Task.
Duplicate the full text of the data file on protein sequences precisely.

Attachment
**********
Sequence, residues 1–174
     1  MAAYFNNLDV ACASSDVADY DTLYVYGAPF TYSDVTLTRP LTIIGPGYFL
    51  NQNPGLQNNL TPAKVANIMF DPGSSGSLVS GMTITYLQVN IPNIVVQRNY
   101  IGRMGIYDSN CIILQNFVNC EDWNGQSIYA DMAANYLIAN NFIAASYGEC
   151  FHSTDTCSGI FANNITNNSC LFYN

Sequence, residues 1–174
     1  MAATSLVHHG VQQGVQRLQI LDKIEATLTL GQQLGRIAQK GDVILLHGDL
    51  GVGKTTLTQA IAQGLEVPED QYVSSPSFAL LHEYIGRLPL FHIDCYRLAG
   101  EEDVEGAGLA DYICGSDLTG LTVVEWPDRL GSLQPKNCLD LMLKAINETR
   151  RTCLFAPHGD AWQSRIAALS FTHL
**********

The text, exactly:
Sequence, residues 1–174
     1  MAAYFNNLDV ACASSDVADY DTLYVYGAPF TYSDVTLTRP LTIIGPGYFL
    51  NQNPGLQNNL TPAKVANIMF DPGSSGSLVS GMTITYLQVN IPNIVVQRNY
   101  IGRMGIYDSN CIILQNFVNC EDWNGQSIYA DMAANYLIAN NFIAASYGEC
   151  FHSTDTCSGI FANNITNNSC LFYN

Sequence, residues 1–174
     1  MAATSLVHHG VQQGVQRLQI LDKIEATLTL GQQLGRIAQK GDVILLHGDL
    51  GVGKTTLTQA IAQGLEVPED QYVSSPSFAL LHEYIGRLPL FHIDCYRLAG
   101  EEDVEGAGLA DYICGSDLTG LTVVEWPDRL GSLQPKNCLD LMLKAINETR
   151  RTCLFAPHGD AWQSRIAALS FTHL